Categories > Movies > X-Men: The Movie > Days of the Phoenix


by Plutospawn 0 reviews

Professor Xavier set the trembling receiver down and stared holes into the wall. "That was news from Cairo," he said weakly.

Category: X-Men: The Movie - Rating: PG-13 - Genres: Action/Adventure - Characters: Cyclops, Iceman, Nightcrawler, Professor Xavier, Rogue - Published: 2005-09-04 - Updated: 2005-09-04 - 1812 words

"Katherine Pryde," Professor Xavier chided. "Please tell me there is a reason that you're no longer in the Blackbird."
"It didn't really go with my shoes so I traded it in?" Kitty grinned sheepishly.
"Either that or Magneto and his scaly girlfriend decided to confiscate it," Kitty cut in quickly.
"So they've escaped?" Cyclops said darkly.
"Not exactly." Kitty smiled.
"What do you mean, child?" Xavier asked.
"Promise you won't get mad, Professor?" Kitty asked.
"Kitty..." Xavier raised an eyebrow.
"I kind of thrashed the Blackbird by phasing through it," Kitty explained.
Professor Xavier blinked, stunned.
"Am I in trouble?" Kitty asked.
"You did good, kid," Wolverine said.
"I did?" Kitty blinked.
Wolverine just grinned as he ruffled the young girl's hair.
"Where's Rachel?" Kitty asked.
Wolverine didn't respond. Instead he pulled a cigar out of his pocket. Nightcrawler fingered his rosary and began to mumble in German.
"She had to go," Scott said. "She said she'd be back with us again in a few years."
Kitty shot Cyclops a curious glance, but she didn't argue his answer.
"So what do we do now?" she asked.
"The police have already detained Sabretooth," Xavier answered. "Knowing Mystique, she'll probably put on a civilian disguise and be picked up by an ambulance. And Erik... Erik will escape like he always does."
"And you're okay with that?" Cyclops spoke through gritted teeth.
"There are several things that happened today that I'm not okay with," Xavier replied levelly. "But we have accomplished what we set out to; Erik will not murder Graydon Creed this day. We should go home."
The group walked in silence as Logan led them to Scott's car. Xavier shimmied into the passenger seat and while Scott was putting his mentor's wheelchair into the trunk, Kitty shuffled towards the bald man.
"Professor?" she asked. "Are you okay?"
The older man forced a smile to his lips and shook his head.
"I am continually amazed at how little I truly know," Xavier murmured.
"Rachel's dead, isn't she?" Kitty said. "You don't have to lie to me just because you think I'm a kid."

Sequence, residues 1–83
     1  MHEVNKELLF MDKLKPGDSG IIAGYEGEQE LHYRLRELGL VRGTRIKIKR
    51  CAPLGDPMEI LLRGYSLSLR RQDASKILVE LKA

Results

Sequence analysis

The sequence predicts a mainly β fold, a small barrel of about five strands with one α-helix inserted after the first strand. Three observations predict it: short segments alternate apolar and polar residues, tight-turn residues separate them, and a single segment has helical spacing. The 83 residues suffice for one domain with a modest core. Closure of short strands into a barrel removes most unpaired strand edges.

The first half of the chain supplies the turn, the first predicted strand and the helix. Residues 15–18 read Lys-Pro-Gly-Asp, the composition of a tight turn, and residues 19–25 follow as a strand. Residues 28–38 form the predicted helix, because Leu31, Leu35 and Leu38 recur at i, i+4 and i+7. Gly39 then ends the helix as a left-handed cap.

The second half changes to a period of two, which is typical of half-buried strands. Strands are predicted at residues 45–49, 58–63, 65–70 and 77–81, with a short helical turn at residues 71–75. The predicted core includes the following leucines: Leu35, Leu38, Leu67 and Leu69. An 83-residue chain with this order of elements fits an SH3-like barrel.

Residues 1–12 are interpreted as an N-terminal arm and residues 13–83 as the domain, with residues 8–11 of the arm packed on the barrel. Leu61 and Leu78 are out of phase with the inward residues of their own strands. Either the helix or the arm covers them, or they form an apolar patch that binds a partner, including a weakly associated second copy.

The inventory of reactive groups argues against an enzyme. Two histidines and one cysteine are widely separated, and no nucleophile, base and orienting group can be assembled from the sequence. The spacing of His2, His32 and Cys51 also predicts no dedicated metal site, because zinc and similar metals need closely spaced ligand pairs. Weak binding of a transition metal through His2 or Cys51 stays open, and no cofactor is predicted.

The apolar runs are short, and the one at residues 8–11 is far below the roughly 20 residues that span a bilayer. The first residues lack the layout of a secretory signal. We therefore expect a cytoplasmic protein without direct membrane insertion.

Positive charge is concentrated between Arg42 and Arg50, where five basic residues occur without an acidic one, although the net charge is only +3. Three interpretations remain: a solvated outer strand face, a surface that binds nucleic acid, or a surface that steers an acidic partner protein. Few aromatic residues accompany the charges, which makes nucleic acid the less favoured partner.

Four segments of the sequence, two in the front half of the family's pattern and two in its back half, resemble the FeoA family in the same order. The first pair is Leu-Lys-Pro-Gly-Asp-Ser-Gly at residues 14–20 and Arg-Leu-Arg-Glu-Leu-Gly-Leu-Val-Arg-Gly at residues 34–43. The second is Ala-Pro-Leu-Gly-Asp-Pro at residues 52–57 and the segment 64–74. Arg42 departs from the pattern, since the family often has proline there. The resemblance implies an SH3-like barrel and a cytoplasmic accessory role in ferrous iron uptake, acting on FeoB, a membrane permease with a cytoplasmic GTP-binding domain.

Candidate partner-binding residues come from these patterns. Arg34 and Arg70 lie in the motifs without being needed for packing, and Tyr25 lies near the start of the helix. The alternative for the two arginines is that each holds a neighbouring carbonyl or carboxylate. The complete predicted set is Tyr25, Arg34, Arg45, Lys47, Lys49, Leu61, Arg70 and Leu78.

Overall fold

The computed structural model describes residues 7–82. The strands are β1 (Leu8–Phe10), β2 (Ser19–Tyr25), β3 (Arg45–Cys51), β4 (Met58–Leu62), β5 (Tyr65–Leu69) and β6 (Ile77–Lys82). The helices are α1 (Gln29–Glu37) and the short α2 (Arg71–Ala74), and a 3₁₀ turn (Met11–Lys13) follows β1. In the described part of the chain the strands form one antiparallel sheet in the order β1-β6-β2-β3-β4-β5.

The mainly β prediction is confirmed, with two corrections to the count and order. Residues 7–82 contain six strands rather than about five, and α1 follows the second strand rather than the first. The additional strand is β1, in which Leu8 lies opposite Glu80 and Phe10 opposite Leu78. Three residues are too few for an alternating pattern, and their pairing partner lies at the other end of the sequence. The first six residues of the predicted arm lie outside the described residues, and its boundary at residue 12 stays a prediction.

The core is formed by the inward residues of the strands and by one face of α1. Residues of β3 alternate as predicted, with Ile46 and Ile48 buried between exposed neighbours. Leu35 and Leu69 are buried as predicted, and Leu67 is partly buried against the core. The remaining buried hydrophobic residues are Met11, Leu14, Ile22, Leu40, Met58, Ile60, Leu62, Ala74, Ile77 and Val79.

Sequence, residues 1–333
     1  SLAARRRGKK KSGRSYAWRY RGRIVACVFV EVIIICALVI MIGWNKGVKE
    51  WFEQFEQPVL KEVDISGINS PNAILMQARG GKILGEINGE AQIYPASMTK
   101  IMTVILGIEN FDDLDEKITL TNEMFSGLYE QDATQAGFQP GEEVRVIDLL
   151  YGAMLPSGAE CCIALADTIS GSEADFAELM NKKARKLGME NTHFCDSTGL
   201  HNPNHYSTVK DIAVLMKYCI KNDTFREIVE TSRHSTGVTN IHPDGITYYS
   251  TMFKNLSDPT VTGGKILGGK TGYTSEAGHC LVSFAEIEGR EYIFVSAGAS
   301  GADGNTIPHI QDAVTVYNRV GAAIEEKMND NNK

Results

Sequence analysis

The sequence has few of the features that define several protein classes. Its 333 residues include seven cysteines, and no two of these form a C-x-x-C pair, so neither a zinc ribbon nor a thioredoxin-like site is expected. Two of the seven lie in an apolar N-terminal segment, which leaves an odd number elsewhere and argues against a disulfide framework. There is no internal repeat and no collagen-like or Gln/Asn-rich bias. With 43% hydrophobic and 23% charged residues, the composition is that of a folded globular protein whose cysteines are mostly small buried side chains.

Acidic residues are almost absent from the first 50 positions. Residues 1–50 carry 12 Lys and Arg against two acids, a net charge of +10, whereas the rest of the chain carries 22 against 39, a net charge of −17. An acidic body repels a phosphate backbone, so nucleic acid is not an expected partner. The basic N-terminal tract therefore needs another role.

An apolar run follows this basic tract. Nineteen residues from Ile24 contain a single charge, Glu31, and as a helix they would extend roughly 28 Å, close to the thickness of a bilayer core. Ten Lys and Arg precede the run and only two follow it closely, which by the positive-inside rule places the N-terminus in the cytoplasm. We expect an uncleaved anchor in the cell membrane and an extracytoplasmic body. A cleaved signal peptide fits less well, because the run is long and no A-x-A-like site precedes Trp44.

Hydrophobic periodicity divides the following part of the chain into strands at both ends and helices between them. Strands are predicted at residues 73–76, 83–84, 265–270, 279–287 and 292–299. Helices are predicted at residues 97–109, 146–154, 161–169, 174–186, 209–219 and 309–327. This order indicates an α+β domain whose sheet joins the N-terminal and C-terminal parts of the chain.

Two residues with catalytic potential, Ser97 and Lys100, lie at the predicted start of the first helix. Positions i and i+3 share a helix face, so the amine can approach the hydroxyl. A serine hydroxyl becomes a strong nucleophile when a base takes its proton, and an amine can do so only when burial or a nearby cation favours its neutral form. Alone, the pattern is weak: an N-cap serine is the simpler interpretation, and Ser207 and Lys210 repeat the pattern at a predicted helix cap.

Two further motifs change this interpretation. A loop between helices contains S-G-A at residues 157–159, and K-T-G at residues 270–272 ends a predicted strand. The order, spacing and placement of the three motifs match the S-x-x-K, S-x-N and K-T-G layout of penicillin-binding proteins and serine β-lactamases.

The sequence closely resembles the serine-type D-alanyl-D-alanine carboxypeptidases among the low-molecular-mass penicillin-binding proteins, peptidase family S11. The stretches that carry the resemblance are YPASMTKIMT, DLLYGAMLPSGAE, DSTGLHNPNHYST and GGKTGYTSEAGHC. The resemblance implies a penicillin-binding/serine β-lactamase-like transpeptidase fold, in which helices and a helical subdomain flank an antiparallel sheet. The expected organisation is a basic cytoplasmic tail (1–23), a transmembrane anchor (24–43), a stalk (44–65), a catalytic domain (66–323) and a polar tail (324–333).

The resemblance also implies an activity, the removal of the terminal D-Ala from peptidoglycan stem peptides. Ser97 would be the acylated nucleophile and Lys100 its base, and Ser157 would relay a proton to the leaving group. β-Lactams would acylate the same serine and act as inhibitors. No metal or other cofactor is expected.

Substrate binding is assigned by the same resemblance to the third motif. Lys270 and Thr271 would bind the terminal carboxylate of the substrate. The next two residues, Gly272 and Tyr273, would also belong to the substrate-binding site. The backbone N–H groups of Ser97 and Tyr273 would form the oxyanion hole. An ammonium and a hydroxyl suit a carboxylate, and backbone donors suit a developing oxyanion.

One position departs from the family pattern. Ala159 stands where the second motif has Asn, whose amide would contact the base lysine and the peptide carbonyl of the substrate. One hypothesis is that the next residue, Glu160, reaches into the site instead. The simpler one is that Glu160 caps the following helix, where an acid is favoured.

"I was overconfident," Xavier replied. "I thought I was strong enough to calm two struggling minds at once. Erik didn't mean for it to happen. One look at his face told me that much."
"Alright, we're ready," Scott said. "Let's go."
Kitty nodded and hopped into the backseat.
Outside the walls of the school on 1407 Graymalkin Lane, the acres of the estate's land were relatively quiet. The students were content to stay inside or play on the basketball court. Only the permanent residents found a need to venture out into the woods and discover a small brook, if only to escape the monotony of daily life.
Hank McCoy's head turned slowly towards his friend's voice. Scott Summers held two of the plastic wrapped golden delicacies in his hand. Scott sat down next to his hulking friend and forced a Twinkie into Hank's furry paw.
The only reaction that Hank gave was a flit of his steel blue eyes as they focused on the confection. Scott tore open his Twinkie wrapper and crumpled it up into one hand. He ate in silence.
"Professor Xavier knew what I was going to do all along, didn't he?" Hank said finally.
Scott looked over at his old friend. The once familiar planes of Hank's face were ravaged with tufts of blue-gray fur and his features had taken on a more apelike appearance. Scott searched for the right words, but ultimately decided to remain quiet.
"If he knew, then why didn't he try to stop me?" Hank asked.
"Would you have listened?" Scott asked.
"I suppose you're right." Hank sighed. "Besides, it's not like anyone knew what that prototype would do."
"Does Warren know?" Scott asked.
"Yes," Hank replied. "I told him to take my research to Dr. Essex if he feels like it. I don't care anymore."
"What are you going to do now?" Scott wondered.
Hank carefully peeled the wrapper from his Twinkie. "I don't know," he admitted.
"I'm sure the professor would love to have you back," Scott said. "But you and Trish probably have plans."
"Trish," Hank muttered glumly before he stuffed the entire Twinkie into his mouth. "She left me."
"She left me," Hank repeated. "She said something about not being able to be with someone who couldn't respect himself."
"What do you think about that?" Scott asked.
"Well, if she was telling the truth, then it's no more than I deserve," Hank decided. "But if it's a paltry excuse to ditch a blue furred gentleman, then to hell with her."
"You don't sound too convinced," Scott noted.
"It's the least of my problems," Hank chuckled bitterly. "I need to reason out a way to take a shower without clogging the drain now."
"You don't mean-"
"I don't want to bore you with my troubles," Hank insisted. "I should feel lucky that I'm still alive. But I wonder what kind of a life I'll have now."
"I don't understand," Scott murmured.
"I used to be able to hide," Hank explained softly. "I used to be able to pretend that I was just Dr. Henry McCoy. Now, there's no Hank in sight. Now, I'm just a beast."